As the trail leads them into the woods of rural East Texas, Frank must deal with his lingering religious doubts and solve the case. His worst fears will be realised when he must discover the ugly truth about Wormwood. But he and Rob will have to get out alive to tell the story…
“The Price of Silence” by Delores Gordon-Smith.
Synopsis: A thrilling World War One spy story from the author of the acclaimed Jack Haldean series.
Working for the British Government as a secret agent, Anthony Brooke wants to expose the people responsible for blackmailing innocent people and gruesome murders. But when the gang plots a kidnap, Anthony finds himself in the race to reach the little girl before they do. However, Milly will not be easy to retrieve, for she is in a Belgian convent, in German-occupied territory.
To rescue her, Anthony must go behind enemy lines, crawl under the wire, face ruthless German guards and break into a convent. But, even if he can save her, what possible use could an orphan girl be to a violent gang? Anthony must find out soon, as countless more lives than just the little girl’s are in danger…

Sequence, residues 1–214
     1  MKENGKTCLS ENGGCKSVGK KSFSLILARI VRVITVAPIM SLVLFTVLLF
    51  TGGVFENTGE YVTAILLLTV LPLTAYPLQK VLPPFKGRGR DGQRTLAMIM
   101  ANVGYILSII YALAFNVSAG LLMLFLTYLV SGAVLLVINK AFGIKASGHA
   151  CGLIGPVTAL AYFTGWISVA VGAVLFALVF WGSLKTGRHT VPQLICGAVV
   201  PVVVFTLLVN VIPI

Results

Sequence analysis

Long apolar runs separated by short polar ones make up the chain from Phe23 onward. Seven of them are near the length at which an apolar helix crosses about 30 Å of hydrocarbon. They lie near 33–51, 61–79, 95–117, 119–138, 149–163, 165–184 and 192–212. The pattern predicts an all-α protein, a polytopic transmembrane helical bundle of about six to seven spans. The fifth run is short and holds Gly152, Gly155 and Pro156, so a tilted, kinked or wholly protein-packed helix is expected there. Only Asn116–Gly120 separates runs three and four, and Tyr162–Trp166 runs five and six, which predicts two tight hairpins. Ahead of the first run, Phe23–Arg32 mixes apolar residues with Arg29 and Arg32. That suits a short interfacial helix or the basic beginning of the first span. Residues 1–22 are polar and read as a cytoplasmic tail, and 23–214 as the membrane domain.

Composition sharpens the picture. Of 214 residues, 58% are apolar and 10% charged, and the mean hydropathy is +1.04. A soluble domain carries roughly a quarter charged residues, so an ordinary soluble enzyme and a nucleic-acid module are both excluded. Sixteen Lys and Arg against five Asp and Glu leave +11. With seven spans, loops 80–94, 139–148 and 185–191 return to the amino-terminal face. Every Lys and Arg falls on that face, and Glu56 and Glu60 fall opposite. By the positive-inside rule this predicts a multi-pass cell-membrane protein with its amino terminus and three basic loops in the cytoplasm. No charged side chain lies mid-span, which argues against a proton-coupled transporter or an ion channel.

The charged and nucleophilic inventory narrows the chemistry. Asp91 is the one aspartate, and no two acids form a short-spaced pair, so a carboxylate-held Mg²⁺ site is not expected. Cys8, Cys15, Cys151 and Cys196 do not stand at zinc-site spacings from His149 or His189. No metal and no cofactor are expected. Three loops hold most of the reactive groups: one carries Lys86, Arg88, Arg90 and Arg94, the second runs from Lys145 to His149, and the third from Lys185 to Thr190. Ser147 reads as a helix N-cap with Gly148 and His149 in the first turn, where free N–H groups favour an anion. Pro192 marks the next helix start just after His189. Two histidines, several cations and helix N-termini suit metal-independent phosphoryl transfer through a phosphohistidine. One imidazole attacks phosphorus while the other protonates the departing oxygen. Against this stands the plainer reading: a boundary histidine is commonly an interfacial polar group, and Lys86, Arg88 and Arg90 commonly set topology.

“Dr Jekyll and Mr Seek” by Anthony O’Neill
Synopsis: The Strange Case of Dr Jekyll and Mr Hyde Continues…
Seven years after the death of Edward Hyde, a stylish gentleman shows up in foggy London claiming to be Dr Henry Jekyll. Only Mr Utterson, Jekyll’s faithful lawyer and confidant, knows that he must be an impostor – because Jekyll was Hyde. But as the man goes about charming Jekyll’s friends and reclaiming his estate, and as the bodies of potential challengers start piling up, Utterson is left fearing for his life … and questioning his own sanity.
This brilliantly imagined and beautifully written sequel to one of literature’s greatest masterpieces perfectly complements the original work. And where the original was concerned with the duality of man, this sequel deals with the possibility of identity theft of the most audacious kind. Can it really be that this man who looks and acts so precisely like Dr Henry Jekyll is an imposter?